Why Ohio State's Devin Smith Is College Football's Most Frustrating Player

Dan Hope@Dan_HopeContributor IIIOctober 19, 2012

BLOOMINGTON, IN - OCTOBER 13:  Devin Smith #15 of the Ohio State Buckeyes reaches up to catch the ball during the game against the Indiana Hoosiers at Memorial Stadium on October 13, 2012 in Bloomington, Indiana.  (Photo by Andy Lyons/Getty Images)
Andy Lyons/Getty Images

With only two receptions, but both on touchdown passes for 106 combined yards, Ohio State sophomore wide receiver Devin Smith had an impressive and unique stat line last Saturday versus Indiana.

Beyond the numbers, however, Smith’s day was more frustrating than it was impressive.

While Smith caught two touchdown passes, there were four total passes that hit his hands, and the two that were dropped both would have also been touchdowns.

The first play that made Buckeye fans shake their head came in the middle of the first quarter. On a play that originated from the 37-yard line, sophomore quarterback Braxton Miller hit Smith right on his hands with a laser more than 30 yards downfield between two defenders.

As you can see from the screenshot, Smith had plenty of space between the two defenders and could have easily strode into the end zone for a touchdown. Unfortunately, Smith started thinking about the touchdown before he made the catch and took his eyes off the ball—something he does far too often.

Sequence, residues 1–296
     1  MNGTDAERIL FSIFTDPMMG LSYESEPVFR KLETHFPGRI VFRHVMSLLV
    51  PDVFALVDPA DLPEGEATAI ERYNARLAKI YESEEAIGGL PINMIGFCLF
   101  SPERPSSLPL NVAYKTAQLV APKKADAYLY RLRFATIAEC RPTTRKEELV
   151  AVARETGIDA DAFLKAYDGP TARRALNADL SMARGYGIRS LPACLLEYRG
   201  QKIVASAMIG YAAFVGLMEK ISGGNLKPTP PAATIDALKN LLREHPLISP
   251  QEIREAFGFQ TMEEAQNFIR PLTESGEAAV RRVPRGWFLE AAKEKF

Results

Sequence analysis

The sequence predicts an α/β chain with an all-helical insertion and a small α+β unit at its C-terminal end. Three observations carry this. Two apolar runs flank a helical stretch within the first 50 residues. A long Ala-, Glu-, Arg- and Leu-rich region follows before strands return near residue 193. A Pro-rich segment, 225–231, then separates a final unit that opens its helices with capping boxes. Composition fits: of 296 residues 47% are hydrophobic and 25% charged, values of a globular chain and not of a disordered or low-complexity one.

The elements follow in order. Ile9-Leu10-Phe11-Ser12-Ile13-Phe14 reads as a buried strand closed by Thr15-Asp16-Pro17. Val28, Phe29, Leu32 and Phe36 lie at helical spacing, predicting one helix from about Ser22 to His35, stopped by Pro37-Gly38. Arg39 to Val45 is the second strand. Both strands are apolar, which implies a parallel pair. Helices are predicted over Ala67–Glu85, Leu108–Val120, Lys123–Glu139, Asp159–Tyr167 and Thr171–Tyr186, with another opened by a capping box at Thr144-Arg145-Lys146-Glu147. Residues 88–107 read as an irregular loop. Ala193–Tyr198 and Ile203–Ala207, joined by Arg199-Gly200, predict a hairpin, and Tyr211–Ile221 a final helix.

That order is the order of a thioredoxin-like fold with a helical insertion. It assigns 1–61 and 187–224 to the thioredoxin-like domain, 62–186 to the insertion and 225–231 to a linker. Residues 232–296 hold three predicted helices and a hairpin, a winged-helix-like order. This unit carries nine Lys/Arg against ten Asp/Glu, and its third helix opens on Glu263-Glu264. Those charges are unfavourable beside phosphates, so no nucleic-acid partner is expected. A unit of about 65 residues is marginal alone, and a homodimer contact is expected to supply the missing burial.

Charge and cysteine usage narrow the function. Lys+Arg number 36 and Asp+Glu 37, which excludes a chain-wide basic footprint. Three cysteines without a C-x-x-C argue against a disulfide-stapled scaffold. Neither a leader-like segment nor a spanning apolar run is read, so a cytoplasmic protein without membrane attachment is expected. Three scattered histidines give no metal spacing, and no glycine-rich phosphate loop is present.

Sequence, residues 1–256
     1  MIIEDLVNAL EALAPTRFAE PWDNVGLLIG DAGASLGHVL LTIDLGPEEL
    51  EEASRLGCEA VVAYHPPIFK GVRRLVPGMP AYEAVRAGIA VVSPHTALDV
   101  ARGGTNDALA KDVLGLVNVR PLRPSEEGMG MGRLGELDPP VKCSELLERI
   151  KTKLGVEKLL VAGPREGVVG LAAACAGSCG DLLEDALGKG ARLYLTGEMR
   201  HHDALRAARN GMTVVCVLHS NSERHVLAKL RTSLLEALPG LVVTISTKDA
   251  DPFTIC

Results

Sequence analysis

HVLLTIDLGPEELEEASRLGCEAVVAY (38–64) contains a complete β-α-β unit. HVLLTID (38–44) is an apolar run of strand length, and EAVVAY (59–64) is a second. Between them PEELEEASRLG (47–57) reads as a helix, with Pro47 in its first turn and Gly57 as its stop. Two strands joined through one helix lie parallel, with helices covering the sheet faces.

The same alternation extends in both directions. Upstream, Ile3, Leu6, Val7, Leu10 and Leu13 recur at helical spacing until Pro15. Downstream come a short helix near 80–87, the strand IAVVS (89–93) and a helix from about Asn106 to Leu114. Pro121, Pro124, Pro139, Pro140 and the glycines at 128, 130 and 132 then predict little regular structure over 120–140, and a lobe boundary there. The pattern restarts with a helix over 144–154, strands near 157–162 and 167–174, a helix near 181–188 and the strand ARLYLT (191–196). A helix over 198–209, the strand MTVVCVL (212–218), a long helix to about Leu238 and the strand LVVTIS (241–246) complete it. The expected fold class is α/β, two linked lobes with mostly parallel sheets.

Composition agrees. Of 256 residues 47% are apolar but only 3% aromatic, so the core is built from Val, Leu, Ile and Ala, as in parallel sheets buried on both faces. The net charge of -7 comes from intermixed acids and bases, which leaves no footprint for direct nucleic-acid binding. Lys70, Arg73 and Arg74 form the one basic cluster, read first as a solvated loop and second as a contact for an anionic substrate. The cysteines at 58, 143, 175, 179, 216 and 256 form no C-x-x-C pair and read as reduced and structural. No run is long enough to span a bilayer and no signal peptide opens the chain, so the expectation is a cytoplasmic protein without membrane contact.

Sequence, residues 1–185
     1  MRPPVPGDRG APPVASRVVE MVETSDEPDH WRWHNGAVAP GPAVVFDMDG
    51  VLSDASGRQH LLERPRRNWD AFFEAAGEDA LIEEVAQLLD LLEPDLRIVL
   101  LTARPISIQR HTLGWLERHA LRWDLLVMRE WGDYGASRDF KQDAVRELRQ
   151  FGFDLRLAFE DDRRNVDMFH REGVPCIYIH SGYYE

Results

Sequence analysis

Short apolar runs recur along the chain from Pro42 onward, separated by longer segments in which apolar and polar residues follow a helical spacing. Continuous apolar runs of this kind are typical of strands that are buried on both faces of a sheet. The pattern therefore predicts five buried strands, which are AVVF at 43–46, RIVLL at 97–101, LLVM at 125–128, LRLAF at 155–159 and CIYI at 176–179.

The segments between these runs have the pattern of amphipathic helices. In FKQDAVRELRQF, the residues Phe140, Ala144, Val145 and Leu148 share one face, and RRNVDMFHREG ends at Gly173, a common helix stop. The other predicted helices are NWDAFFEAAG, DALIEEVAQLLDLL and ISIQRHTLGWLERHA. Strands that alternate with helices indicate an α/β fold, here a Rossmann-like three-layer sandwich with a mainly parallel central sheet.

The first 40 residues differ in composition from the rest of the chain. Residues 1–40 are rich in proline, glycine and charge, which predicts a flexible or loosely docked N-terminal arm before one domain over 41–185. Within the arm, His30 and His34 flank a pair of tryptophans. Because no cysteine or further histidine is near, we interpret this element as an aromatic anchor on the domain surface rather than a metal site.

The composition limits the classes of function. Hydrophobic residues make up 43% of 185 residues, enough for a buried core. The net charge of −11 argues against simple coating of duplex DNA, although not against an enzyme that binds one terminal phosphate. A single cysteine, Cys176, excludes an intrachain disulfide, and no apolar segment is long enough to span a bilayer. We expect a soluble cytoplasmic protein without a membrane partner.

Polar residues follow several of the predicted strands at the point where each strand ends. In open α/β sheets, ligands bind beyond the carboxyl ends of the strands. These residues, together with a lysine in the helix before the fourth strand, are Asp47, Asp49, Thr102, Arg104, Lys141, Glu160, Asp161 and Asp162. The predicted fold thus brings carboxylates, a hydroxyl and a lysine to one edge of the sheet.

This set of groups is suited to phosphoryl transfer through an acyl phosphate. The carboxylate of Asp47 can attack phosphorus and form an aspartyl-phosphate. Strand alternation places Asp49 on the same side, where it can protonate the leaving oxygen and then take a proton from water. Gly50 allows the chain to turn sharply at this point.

It resulted in a drop on a drive that eventually stalled and ended with a field goal rather than a touchdown.

That drop could conceivably be blamed on the pressure of having defenders coming toward him on either side, although it was still a catch he absolutely should have made. His second drop against Indiana, however, was inexcusable for a player of his caliber.

Having missed his first big-play opportunity of the game, he made up for it late in the second quarter.

Starting at the team’s own 40-yard line, Smith was able to beat Indiana redshirt junior cornerback Antonio Marshall off the line and up the right sideline. Miller found Smith on a deep ball more than 40 yards downfield, and he strolled the rest of the way to the end zone for a 60-yard touchdown.